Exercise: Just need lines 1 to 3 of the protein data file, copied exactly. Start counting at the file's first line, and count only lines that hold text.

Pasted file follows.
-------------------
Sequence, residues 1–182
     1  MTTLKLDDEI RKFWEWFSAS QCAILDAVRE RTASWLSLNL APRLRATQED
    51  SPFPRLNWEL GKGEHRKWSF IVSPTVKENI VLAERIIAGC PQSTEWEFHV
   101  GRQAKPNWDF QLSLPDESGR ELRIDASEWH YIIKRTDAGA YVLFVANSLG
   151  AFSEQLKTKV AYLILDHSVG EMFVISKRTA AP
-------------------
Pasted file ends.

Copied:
Sequence, residues 1–182
     1  MTTLKLDDEI RKFWEWFSAS QCAILDAVRE RTASWLSLNL APRLRATQED
    51  SPFPRLNWEL GKGEHRKWSF IVSPTVKENI VLAERIIAGC PQSTEWEFHV